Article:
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Simon Wren-lewis

Simon Wren-Lewis

Professor of Economic Policy at the Blavatnik School of Government, Oxford University, and a fellow of Merton College. This blog is written for both economists and non-economists.

Articles by Simon Wren-Lewis

Parliament’s Brexit game

2 days ago

Someone may have done this elsewhere and probably with more accuracy, but I hadn’t seen it so I thought I’d work through the numbers myself. Suppose parliament breaks down into five main factions, with a very approximate indication of their size. Brexiters – No Deal         100May loyalists – No FoM   200People’s Vote                 150Corbyn loyalists               30Soft Brexit                      150 You can see how Tuesday’s vote worked out. May’s block alone voted for her deal, while all the other blocks voted against. Note also that the soft Brexit block have no quarrel with the Withdrawal Agreement as such. It is the political declaration about what the UK tries to do after Brexit that they want to change. The unusual feature of this game is of course that if no other block can

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Is Norway+ the way forward?

4 days ago

A number of MPs seem to think so. Their argument goes as follows. Although the Withdrawal Agreement (WA) is not about trade (beyond the backstop), and trade is dealt with in the Political Declaration that is not legally binding, a vote for Theresa May’s deal will be taken by her as endorsing her wish for a hard Brexit. In that case parliament should instruct the government to pursue a much softer Brexit now, because it is better to do that now than later (especially if later never happens). Indeed it is plausible to argue that the current impasse in parliament would not have happened if May had gone for a soft Brexit (something close to BINO: staying in the Customs Union (CU) and Single Market (SM)) from the start. That, it could be argued, was the appropriate thing to do when the vote was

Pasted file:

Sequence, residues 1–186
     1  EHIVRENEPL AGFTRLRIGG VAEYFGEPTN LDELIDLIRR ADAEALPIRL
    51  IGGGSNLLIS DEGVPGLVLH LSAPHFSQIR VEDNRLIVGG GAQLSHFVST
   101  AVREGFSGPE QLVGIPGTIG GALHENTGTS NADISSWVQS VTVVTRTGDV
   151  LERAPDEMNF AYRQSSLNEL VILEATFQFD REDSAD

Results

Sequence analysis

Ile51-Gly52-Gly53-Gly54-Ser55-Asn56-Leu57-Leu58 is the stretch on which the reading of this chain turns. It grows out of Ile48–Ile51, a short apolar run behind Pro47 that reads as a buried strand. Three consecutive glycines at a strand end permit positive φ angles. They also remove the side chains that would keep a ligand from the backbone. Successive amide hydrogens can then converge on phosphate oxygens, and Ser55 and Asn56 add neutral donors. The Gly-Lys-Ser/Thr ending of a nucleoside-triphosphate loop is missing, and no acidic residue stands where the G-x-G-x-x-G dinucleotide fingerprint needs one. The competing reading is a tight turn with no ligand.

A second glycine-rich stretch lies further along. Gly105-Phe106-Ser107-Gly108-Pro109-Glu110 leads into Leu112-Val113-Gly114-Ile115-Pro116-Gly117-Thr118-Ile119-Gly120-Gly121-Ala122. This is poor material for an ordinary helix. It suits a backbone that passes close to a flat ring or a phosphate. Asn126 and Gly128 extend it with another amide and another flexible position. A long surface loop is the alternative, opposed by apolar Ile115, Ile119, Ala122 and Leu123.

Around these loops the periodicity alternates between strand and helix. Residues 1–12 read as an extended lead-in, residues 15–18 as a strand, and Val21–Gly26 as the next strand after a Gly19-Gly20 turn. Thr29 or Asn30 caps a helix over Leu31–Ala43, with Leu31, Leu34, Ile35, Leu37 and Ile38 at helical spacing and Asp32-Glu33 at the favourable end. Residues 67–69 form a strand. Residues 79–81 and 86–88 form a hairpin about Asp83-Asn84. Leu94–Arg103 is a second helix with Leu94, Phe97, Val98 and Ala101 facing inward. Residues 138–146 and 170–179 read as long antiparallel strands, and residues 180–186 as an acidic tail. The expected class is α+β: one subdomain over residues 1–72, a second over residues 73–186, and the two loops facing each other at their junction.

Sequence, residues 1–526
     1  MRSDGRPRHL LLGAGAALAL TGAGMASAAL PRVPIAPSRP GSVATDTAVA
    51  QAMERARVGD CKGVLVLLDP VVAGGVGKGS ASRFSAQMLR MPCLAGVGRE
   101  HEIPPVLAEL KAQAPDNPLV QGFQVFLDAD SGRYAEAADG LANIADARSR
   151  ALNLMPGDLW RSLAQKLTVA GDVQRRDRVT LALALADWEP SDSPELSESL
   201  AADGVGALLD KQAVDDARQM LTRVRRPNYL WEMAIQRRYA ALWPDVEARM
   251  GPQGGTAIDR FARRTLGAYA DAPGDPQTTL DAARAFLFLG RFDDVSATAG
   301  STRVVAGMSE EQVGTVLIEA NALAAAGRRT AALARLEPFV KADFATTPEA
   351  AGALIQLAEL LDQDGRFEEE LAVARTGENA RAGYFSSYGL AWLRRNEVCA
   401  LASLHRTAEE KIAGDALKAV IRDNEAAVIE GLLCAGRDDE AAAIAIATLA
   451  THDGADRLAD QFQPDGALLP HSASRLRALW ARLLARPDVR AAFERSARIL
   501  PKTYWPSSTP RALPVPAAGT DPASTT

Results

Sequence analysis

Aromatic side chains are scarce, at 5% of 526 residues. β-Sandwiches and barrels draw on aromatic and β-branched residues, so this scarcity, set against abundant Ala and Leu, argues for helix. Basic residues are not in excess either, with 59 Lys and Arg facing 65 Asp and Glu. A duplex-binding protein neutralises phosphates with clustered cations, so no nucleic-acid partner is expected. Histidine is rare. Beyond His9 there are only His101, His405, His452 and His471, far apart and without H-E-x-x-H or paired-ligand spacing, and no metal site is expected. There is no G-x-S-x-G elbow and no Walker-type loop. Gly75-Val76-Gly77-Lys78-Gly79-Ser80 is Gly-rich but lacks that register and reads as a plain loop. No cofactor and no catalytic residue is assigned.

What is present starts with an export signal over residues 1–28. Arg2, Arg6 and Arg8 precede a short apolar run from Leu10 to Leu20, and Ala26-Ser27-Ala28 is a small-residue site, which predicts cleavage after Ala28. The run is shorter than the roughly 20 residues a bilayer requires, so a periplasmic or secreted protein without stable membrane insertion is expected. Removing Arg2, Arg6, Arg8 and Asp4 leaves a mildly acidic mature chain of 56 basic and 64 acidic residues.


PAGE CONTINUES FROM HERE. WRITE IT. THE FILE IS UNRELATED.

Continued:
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Should we worry about temporarily raising government debt? – Blanchard’s AEA Address

7 days ago

This post not about the main part of this address, although as its my area and interesting I may write about it later. Instead I’m going to talk in a non-technical way about its premise, because that alone has implications that may be well known among economists but not elsewhere. The following is based on his presentation. Should governments worry about temporarily paying for things by borrowing? One standard answer is yes, because although nothing obliges government to pay off this extra debt (it can be rolled over), it has to pay interest on that debt which requires higher taxes. If the government didn’t raise taxes to pay the interest on the debt, but instead just borrowed more to pay the interest, you would enter what is sometimes called a debt interest spiral, where debt goes up and